On Sunday, Pennsylvania Democrats picked Conor Lamb, a former federal prosecutor, as their nominee for a special congressional election to replace disgraced Republican Rep. Tim Murphy, who resigned in October. The special election is scheduled for March.
About 550 local Democratic officials, mostly precinct level committee members, gathered in the Washington, Pennsylvania, high school gym to select a nominee through rounds of secret ballots. The party members were choosing from a diverse slate of candidates including a pro-life county commissioner, an ex-Assistant Secretary for Veterans Affairs, a former head of the state’s teacher’s union, and an ER physician who campaigned on single-payer insurance.
Only three candidates emerged with enough votes to proceed past the first round of balloting: Lamb; Pam Iovino, the former VA official; and Gina Cerilli, the chair of Westmoreland County’s board of commissioners.
Cerilli had alienated progressive activists in the district, describing herself as a “pro-life” and “moderate Democrat”. The most liberal leaning candidates were eliminated early in the contest, allowing Lamb, an ex-Marine and a member of a prominent Pennsylvania political family, to consolidate voters opposed to Cerilli. In the final round Lamb took 319 votes, Cirelli 152, and Iovino 74.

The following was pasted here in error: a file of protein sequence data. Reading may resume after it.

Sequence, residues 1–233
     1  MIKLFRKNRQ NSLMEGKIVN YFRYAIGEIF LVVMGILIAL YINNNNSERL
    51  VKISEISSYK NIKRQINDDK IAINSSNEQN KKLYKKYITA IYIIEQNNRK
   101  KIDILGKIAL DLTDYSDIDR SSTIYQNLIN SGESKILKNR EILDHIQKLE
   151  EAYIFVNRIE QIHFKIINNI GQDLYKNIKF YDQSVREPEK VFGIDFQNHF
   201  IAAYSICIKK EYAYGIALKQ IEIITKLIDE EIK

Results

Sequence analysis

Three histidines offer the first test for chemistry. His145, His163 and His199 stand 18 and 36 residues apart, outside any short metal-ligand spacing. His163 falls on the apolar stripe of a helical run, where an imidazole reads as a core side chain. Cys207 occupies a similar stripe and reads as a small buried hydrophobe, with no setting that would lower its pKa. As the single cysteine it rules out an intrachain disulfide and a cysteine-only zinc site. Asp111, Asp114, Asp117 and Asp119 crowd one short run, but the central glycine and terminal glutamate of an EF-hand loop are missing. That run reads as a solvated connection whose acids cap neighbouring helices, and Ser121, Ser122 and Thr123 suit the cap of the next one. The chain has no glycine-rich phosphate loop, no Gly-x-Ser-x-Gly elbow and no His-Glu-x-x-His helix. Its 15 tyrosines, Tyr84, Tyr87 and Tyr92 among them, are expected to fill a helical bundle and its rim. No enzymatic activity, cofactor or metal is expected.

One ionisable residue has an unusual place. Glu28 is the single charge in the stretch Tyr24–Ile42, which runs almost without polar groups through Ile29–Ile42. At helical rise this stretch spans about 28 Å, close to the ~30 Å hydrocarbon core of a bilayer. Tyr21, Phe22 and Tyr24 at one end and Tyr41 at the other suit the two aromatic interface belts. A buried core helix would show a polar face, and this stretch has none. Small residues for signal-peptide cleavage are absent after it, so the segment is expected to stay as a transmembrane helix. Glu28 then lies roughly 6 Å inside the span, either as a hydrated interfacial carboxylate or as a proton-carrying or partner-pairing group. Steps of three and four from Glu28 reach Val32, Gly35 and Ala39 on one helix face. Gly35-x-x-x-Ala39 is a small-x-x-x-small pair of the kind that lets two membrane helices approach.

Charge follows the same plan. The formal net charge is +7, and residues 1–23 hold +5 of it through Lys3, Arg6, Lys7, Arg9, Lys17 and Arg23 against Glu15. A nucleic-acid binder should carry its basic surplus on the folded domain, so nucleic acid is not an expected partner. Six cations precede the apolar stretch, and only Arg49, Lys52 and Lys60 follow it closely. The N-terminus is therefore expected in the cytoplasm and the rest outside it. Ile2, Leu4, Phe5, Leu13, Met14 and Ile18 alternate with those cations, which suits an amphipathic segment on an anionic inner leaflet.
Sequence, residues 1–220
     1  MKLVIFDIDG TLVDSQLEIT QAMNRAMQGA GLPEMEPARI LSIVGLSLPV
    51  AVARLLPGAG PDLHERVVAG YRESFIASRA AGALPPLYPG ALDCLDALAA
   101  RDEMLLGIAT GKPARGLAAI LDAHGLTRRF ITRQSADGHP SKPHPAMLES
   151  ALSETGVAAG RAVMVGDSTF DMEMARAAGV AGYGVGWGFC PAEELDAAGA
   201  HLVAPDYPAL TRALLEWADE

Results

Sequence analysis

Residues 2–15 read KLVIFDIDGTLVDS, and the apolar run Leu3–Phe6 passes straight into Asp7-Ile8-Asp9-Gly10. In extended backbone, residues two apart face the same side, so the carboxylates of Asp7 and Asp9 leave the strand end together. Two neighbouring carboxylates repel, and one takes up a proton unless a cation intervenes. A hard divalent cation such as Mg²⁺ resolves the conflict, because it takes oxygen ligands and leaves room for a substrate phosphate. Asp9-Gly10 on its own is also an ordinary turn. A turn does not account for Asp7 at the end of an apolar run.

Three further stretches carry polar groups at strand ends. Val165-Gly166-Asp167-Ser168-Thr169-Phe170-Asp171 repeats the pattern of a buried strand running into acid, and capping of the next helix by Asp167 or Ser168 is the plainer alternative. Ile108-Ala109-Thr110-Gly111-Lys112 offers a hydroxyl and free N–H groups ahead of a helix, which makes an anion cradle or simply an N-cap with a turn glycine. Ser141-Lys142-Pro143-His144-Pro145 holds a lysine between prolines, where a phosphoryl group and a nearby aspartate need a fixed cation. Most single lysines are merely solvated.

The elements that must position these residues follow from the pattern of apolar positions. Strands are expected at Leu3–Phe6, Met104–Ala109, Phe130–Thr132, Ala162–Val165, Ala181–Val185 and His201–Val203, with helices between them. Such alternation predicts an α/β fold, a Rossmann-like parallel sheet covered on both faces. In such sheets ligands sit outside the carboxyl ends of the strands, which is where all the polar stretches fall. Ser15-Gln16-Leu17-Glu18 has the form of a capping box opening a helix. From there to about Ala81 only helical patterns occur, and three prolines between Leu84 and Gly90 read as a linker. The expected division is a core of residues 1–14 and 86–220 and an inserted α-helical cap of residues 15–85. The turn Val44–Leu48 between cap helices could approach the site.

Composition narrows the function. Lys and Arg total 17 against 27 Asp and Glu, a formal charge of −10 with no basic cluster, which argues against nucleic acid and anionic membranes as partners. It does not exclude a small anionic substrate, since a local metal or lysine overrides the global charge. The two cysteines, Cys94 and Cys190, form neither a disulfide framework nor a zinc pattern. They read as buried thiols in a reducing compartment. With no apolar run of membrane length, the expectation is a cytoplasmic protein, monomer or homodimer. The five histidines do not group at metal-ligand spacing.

The caucus decision will become official once ratified by the party’s executive committee. Democrats are hopeful that Rep. Rick Saccone, an outspoken Trump-aligned conservative who the Republicans nominated over two more moderate contenders, won’t appeal to the district’s voters.
“Sending him to Capital Hill would be a grievous error,” said Dr. Bob Solomon, a defeated candidate, pledging his support for the Democratic nominee.
The state’s 18th district is Republican leaning, and the Cook Political Report has described the race as “very tough” but “not impossible” for Democrats. The district has tens of thousands more registered Democrats, but Republican candidates perform well at all levels of the ballot. (In 2016, Trump won it by nearly 20 points.)
In his speech to the nominating convention, Lamb, a 33-year old former assistant United States Attorney in western Pennsylvania, hammered Washington Republicans for their tax proposal, cutting healthcare amid an opioid crisis, and failing to pass an infrastructure bill. When reporters asked him about other hot button issues, he was less specific.
“Five weeks ago, I was in a non-political job as a federal prosecutor,” Lamb said shortly after his victory. But he dodged specific questions about gun control and public funding of abortion.
“Everything like that,” he said, “we can talk about later.”